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One-handed saxophone gives new hope

Daniel Stover, an accomplished musician, thought he lost his ability to play music after he suffered a stroke in 2008.

But his dream to play the saxophone again came true Tuesday when instrument technician Jeff Stelling handed Stover of Houston a new one-handed saxophone.

“It’s overwhelming to know that he has not a magic bullet now to cure his problem, but he’s presented with an opportunity to work hard and be able to regain his musical life,” Stelling said.

Stelling converted Stover’s Selmer Mark VII alto sax to a toggle-key saxophone. Stelling presented the instrument to Stover during a press conference at his business, Stelling Brass and Winds Tuesday.

“It gives me a second chance to go back to making music again and teaching,” Stover said.

Stover began playing the clarinet in sixth-grade band. In junior high and high school, his love for music grew, and he earned a spot in the All-State Band his junior year.

He eventually learned to play the saxophone and the flute.

Stover began to pursue his dreams of being a woodwind doubler, someone who plays multiple instruments in pit orchestras for musicals.

He graduated from Sam Houston State University with a degree in clarinet performance in 2004.

Stover then taught private clarinet and saxophone lessons in several north Houston school districts, performed in pit orchestras for musicals and was in demand as a clarinetist for chamber music concerts.

In July 2008, just days before his 28th birthday, Stover experienced a severe hemorrhagic stroke that left him with hemiplegia — paralysis affecting only one side of the body — on his left side. He lost the ability to play any of his instruments.

In October 2009, Stover returned to teaching part time after winning a battle with lymphoma.

“It was pretty devastating,” Stover said. “I didn’t think I’d be able to carry on with my life. I went through a period of pretty heavy depression until I found out about the toggle sax. As soon as I sent my horn to Jeff to be converted, my depression just went away and I felt like I had some hope,” Stover said.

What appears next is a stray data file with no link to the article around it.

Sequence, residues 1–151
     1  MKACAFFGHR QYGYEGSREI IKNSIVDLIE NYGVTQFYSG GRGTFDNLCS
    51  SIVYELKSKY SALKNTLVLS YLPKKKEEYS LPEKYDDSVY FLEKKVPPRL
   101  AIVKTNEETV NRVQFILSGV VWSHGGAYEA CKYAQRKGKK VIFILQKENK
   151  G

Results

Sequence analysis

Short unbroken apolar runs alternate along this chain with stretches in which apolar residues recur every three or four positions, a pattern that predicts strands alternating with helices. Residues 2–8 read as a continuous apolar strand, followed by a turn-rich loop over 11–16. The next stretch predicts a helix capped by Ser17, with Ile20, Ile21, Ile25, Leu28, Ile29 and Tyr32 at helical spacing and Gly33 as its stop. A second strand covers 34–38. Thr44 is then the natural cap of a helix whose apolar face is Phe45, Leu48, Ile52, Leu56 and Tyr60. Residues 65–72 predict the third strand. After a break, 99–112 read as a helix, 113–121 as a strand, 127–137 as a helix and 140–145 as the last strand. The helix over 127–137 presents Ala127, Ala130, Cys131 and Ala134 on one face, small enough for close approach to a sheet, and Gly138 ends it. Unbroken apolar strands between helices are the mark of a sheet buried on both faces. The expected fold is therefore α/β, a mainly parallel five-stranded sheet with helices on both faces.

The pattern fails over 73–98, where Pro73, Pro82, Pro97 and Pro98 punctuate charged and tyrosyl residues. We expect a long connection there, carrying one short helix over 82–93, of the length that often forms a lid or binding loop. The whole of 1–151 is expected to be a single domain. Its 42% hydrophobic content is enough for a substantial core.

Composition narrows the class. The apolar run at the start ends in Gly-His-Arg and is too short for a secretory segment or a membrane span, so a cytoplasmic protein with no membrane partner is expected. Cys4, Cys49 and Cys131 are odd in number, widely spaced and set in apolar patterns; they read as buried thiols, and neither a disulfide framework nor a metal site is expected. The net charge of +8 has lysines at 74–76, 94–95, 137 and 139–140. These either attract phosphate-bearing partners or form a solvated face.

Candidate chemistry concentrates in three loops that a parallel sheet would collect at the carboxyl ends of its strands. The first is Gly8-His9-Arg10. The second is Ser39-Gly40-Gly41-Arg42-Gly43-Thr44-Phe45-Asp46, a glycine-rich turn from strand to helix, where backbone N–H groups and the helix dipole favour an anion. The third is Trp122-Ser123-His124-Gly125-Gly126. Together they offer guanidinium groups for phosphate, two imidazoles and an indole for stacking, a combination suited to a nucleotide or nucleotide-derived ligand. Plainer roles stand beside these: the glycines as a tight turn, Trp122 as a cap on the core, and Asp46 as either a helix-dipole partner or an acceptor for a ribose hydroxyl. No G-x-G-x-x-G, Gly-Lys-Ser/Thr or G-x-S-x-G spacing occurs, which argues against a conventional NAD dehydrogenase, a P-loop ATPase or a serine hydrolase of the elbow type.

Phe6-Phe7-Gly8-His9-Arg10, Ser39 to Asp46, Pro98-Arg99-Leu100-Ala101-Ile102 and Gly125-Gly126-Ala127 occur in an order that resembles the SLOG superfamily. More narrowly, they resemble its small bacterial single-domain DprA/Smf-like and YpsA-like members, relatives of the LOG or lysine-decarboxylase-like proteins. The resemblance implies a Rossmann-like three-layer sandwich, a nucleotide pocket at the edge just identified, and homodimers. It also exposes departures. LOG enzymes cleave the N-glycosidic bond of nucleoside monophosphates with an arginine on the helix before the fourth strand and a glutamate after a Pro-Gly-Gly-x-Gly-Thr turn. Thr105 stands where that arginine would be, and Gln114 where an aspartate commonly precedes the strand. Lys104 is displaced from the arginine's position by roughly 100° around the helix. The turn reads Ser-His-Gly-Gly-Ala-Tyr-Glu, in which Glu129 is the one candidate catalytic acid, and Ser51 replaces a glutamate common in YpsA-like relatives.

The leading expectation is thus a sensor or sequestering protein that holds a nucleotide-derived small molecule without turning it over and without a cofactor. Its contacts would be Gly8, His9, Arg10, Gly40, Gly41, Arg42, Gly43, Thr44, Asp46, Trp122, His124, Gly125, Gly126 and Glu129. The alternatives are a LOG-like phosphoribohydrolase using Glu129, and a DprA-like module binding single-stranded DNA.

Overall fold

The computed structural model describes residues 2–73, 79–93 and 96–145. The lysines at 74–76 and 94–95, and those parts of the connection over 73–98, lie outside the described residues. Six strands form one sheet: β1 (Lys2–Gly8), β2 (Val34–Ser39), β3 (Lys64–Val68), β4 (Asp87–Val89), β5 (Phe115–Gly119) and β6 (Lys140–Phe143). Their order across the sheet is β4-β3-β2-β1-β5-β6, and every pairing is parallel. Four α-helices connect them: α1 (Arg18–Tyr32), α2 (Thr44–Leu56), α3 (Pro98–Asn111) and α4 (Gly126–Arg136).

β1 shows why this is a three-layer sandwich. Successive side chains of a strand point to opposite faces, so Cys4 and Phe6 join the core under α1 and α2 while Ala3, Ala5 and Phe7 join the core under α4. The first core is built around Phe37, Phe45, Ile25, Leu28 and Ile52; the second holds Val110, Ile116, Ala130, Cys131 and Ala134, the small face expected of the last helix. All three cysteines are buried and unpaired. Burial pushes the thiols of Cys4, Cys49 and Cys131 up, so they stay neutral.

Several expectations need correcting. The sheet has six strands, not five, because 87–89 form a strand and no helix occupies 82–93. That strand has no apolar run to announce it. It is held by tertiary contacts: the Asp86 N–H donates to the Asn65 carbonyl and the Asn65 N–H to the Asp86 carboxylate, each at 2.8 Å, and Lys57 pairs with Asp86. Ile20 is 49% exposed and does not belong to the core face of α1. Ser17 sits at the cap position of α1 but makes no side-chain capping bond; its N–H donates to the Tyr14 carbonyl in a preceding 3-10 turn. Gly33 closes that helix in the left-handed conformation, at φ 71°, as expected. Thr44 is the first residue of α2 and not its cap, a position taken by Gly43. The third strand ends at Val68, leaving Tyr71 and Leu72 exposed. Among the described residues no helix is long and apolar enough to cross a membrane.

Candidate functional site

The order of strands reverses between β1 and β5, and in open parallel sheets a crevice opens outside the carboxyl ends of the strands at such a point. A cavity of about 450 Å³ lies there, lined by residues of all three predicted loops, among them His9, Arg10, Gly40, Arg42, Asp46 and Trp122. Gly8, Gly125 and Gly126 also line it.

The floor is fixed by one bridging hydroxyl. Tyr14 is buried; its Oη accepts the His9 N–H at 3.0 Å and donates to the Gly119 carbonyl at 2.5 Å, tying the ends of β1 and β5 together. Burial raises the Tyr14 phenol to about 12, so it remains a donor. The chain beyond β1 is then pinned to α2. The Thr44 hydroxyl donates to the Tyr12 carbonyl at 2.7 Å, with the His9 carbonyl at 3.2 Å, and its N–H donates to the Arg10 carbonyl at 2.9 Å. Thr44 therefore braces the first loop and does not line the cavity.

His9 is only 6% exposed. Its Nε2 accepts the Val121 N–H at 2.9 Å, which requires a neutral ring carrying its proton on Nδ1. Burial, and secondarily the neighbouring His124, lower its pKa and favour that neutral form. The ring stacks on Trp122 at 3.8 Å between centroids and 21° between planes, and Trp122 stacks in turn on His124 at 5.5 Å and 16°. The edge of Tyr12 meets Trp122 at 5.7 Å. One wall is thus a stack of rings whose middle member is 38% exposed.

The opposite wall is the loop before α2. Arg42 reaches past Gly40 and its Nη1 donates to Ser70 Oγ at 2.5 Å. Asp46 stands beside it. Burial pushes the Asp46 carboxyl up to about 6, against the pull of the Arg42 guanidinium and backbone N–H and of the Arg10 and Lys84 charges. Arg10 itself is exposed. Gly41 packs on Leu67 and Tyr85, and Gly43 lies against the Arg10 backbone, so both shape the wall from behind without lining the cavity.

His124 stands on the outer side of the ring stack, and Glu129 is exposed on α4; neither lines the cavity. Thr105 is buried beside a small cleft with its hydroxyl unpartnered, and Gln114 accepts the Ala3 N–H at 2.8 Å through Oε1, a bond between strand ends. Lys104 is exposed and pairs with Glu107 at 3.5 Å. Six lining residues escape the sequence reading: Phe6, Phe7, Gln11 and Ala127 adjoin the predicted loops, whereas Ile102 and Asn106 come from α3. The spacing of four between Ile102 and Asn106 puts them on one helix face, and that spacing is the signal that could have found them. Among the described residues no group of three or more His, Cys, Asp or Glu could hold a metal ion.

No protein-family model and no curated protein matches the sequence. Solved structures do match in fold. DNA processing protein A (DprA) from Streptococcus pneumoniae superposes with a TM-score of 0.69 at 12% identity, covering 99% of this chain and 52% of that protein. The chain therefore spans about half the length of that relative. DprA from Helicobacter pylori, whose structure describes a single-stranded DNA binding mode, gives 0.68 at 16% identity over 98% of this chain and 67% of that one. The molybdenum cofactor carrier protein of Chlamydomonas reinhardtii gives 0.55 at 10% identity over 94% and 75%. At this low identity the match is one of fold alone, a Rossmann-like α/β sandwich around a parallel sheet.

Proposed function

Stover said he never imagined he would be able to play music again. He even sold some of his old music equipment.

“I’ll have to go back and buy some new pieces,” he said.

Stover will have to learn the finger positions on his new saxophone and relearn how to breathe while playing, he said.

During the nearly two years Stelling spent building the instrument, Stover said he studied the finger positions on the saxophone.

Stover learned of the instrument through the One-Handed Woodwind Program at the University of Nebraska at Kearney.

In 2000, David Nabb, an accomplished saxophone player, suffered a stroke that left him unable to use his left hand. Stelling, working with Nabb, developed a toggle-key design, which makes it possible to play the saxophone with one hand.

“Music has an extraordinary power to reach people through observing performances and through participating in performing. That is equally true for able- bodied people and people with disabilities. We have the same desire and needs to be active in music as able-bodied people,” Nabb said.

“Jeff Stelling’s toggle-key saxophone is changing the way people all over the world view disability and music.”

The first Very Special Arts Award for Achievement in Instrument Adaptation was presented to David Nabb, a University of Nebraska at Kearney professor of music, and instrument technician Jeff Stelling May 5, 2011 at the Kennedy Center in Washington, D.C.

“I think God has opened up some doors for me to allow people to do music,” Stelling said.      

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